So let me just say up front: I’ve never read this book until today. I haven’t seen the movie. The little I knew about this book was “two children travel to a magical land and then something happens to one of them.” But my husband loved this book when he was young and kept pushing me to read it. I just did, and – it was not at all what I was expecting. I find it a little funny to say “it reminds me of Looking for Alaska,” when Looking for Alaska was written much later than Bridge to Terabithia. But I read LfA first. They do have some striking similarities. Boy meets Girl, Girl affects Boy’s life in a profound way, Boy loses Girl unexpectedly and has to deal with both losing her, and the changes she wrought in his life that can’t be undone. In Looking for Alaska, Miles went looking for his Great Perhaps and thought he’d found it in Alaska. In Bridge to Terabithia, Jess wasn’t looking until Leslie pushed herself into his world and brought that Great Perhaps with her.
Paterson paints a bleak picture of Jess’s life in the backwoods of somewhere-near-Washington DC. Surrounded by three sisters and his mother, while his father is gone all day working in DC, Jess appears neglected, stifled, and lonely. His family is very poor, but so are most of their neighbors. When Leslie and her parents move to the farm next door, tired of the big city and looking for a simpler life, Leslie brings Jess a window to the bigger world. Her parents tell him of things going on in far off places. And she takes him back into the dark woods behind their houses where they create an imaginary world called Terabithia. They reign as King and Queen of Terabithia, playing a game of pretend that starts as soon as they swing over the creek on a rope into a land that is solely theirs.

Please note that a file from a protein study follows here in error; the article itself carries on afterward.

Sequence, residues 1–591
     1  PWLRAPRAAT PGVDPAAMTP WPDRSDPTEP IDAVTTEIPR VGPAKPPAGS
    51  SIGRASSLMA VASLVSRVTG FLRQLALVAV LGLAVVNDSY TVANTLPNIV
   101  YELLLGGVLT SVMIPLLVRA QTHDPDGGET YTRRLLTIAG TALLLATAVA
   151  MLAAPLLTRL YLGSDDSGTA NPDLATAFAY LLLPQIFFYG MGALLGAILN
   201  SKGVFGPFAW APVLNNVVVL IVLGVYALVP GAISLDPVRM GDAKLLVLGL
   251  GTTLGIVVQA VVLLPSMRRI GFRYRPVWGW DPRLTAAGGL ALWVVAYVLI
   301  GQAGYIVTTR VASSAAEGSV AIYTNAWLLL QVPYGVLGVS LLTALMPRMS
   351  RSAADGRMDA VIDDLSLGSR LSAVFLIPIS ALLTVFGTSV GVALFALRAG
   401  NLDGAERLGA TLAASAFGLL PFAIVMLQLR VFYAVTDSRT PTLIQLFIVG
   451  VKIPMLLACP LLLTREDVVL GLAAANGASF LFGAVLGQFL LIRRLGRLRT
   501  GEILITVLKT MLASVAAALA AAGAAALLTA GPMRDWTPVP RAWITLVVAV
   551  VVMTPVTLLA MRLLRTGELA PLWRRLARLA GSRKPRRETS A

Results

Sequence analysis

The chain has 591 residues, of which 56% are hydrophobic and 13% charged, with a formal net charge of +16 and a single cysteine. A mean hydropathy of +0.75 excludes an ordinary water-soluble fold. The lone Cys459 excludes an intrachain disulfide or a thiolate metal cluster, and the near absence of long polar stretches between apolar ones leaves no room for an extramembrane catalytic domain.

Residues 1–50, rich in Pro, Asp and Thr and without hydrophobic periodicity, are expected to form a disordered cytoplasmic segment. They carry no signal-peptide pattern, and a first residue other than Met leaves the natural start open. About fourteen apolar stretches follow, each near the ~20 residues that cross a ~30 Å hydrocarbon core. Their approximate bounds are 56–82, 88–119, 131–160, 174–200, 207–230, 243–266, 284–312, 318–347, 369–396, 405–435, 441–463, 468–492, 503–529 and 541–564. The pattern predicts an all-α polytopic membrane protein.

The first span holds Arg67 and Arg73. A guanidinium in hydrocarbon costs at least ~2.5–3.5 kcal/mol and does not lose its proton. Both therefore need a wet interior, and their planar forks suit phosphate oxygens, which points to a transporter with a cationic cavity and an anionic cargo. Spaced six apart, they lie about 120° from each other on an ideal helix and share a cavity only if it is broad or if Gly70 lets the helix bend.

One thing that really stood out to me was Jess’s trip to the Smithsonian with his music teacher. Maybe it’s because I’m jaded, maybe it’s because the book was written in the 70s and it wasn’t considered a big thing, but – his young, pretty music teacher takes him, JUST him, to the Smithsonian museums. He’s 10, and has a bit of a crush on her as 10-year-olds are wont to do, so he’s constantly talking about her hair, her voice, the scent of her perfume – the whole scene was just creepy to me. A young female teacher taking a young boy on a solo trip? My husband said he didn’t notice anything wrong with the scene, but he was in 4th grade when he read the book! Nothing untoward actually happens between Jess and his music teacher, but the scene still just creeped me out.
Overall I can’t say I really have strong feelings about this book one way or another; it had a strong impact on my husband, but he read it when he was in the fourth grade. His comment was “the whole book is about being a child, and doing childish things, but not wanting adults to TREAT you like a child,” which does sound like something he dealt with, being an only child. Reading it as an adult just doesn’t have the same impact.
From the back of Bridge to Terabithia:
All summer, Jess pushed himself to be the fastest boy in the fifth grade, and when the year’s first school-yard race was run, he was going to win. But his victory was stolen by a newcomer, by a girl, one who didn’t even know enough to stay on the girls’ side of the playground. Then, unexpectedly, Jess finds himself sticking up for Leslie, for the girl who breaks rules and wins races. The friendship between the two grows as Jess guides the city girl through the pitfalls of life in their small, rural town, and Leslie draws him into the world of imagination – a world of magic and ceremony called Terabithia. Here, Leslie and Jess rule supreme among the oaks and evergreens, safe from the bullies and ridicule of the mundane world. Safe until an unforeseen tragedy forces Jess to reign in Terabithia alone, and both worlds are forever changed.